The Ministry of Antiquities announced on Sunday that an Egyptian mission unearthed a major discovery of an ancient cemetery in Tuna Al-Gabal near Minya governorate.
The cemetery contains a large number of burial shafts that are believed to date back to the late pharaonic period and early Ptolemaic era. The cemetery is six kilometres away from north Tuna Al-Gabal archaeological site.
Mostafa Waziri, head of the mission and secretary general of the Supreme Council of Antiquities, said in a press release, “the mission started excavation by the end of 2017 to search for the uncovered section of the cemetery of the 15th nome of Upper Egypt in ancient time.”
The discoveries included mummies, tombs, and belongings of priests worshiping the ancient Egyptian god Thoth. Thirteen burials were found inside the cemetery in which a thousand well-preserved figurines were found, while many others were discovered in a bad condition and restorers are still collecting their parts.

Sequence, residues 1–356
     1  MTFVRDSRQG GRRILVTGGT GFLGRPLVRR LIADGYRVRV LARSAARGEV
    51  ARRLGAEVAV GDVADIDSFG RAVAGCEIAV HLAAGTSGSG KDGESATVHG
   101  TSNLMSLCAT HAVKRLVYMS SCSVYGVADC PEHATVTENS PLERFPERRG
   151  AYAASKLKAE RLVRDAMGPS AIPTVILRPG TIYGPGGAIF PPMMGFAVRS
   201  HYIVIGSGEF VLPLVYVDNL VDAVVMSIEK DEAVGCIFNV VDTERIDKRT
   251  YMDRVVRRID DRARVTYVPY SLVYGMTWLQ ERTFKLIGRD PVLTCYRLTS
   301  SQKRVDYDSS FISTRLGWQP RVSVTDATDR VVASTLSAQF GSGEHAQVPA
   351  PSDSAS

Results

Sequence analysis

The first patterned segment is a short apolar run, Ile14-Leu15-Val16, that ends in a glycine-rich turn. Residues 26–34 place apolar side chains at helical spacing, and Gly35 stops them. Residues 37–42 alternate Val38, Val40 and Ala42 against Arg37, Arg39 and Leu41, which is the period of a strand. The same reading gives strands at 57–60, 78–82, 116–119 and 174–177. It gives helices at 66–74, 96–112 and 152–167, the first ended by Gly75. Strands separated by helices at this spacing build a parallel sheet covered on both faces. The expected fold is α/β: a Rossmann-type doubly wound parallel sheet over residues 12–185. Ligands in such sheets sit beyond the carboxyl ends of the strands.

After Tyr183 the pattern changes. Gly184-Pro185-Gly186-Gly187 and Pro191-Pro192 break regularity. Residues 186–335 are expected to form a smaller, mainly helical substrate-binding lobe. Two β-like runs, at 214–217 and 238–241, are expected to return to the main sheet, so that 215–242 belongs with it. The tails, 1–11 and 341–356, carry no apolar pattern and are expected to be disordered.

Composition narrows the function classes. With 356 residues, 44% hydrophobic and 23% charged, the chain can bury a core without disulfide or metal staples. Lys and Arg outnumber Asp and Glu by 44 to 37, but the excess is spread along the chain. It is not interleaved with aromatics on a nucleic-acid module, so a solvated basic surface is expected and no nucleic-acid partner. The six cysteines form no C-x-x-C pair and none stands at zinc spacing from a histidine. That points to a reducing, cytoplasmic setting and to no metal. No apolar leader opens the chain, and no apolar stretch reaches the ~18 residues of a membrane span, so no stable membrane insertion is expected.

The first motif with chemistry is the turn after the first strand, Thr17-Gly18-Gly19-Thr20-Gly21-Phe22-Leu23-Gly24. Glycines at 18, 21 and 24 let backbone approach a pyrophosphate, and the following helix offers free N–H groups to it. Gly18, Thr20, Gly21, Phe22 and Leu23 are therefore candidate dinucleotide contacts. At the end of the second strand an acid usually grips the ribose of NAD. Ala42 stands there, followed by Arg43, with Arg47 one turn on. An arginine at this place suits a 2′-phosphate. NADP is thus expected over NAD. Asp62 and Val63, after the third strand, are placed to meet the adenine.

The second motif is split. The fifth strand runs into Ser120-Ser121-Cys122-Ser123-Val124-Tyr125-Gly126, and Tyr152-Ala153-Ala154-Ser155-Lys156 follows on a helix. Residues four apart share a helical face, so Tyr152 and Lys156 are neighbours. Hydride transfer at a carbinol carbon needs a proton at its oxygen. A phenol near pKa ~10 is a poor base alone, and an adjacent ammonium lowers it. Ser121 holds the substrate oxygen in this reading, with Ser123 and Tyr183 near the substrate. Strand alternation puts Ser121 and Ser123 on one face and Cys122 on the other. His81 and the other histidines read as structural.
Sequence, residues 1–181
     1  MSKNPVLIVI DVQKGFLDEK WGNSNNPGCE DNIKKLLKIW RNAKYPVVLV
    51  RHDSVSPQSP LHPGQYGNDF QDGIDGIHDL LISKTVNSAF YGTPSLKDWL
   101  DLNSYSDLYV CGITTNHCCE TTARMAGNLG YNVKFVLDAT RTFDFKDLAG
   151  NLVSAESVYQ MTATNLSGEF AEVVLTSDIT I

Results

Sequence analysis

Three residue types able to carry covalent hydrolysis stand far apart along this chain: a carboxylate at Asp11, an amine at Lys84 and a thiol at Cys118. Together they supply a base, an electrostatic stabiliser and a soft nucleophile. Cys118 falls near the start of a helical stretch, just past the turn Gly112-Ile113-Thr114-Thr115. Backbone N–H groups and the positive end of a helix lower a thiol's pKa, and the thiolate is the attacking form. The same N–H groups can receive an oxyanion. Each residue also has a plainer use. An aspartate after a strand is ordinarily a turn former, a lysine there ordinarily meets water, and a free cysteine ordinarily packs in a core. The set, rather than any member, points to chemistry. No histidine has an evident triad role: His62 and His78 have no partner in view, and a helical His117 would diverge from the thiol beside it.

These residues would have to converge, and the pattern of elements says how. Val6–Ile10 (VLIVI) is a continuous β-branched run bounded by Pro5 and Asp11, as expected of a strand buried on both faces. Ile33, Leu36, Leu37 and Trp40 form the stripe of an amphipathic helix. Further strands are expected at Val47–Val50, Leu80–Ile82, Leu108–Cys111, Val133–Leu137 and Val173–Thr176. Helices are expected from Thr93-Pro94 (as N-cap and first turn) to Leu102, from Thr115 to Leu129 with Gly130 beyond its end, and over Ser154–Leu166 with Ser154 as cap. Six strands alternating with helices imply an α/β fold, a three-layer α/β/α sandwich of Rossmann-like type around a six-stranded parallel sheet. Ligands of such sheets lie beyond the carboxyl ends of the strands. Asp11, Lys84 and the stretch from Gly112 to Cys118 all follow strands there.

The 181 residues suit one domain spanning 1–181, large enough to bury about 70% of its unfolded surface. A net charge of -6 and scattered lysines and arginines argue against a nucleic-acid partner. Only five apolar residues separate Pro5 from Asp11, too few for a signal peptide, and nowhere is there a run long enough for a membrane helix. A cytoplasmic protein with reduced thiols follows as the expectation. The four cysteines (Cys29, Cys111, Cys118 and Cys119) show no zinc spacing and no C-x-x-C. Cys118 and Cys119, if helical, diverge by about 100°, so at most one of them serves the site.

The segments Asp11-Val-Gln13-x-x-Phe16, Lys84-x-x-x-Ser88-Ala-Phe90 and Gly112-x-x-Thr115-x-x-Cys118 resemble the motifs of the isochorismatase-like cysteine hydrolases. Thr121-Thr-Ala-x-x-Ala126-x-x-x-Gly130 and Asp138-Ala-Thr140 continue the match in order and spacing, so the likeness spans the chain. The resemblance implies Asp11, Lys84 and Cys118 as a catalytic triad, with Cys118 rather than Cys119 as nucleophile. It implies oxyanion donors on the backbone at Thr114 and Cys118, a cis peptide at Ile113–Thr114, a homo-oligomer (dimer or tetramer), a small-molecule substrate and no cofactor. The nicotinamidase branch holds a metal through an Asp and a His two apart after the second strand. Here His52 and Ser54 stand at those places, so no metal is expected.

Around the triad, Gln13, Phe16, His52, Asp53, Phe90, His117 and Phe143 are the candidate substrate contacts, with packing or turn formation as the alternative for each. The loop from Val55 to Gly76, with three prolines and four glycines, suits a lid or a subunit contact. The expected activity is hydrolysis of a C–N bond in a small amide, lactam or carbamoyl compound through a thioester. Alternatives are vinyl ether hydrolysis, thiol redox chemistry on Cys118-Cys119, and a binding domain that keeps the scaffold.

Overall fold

One of the discovered tombs belongs to a priest called “Hersa-Essei” who was also dubbed “the pioneer of the five”, referring to his high position.
The tombs also included alabaster jars decorated with the names of their owners with the inner parts of a priest found inside them. The mummy of the priest, who was named “Djehuty-Irdy-Es” was unearthed.
The mission also unearthed 40 limestone sarcophagi of different shapes and sizes and a family tomb that contains several burials of the members with figurines bearing the names of their owners.
Excavation work is scheduled to last for five years in an attempt to uncover all the burials of the cemetery, the statement added.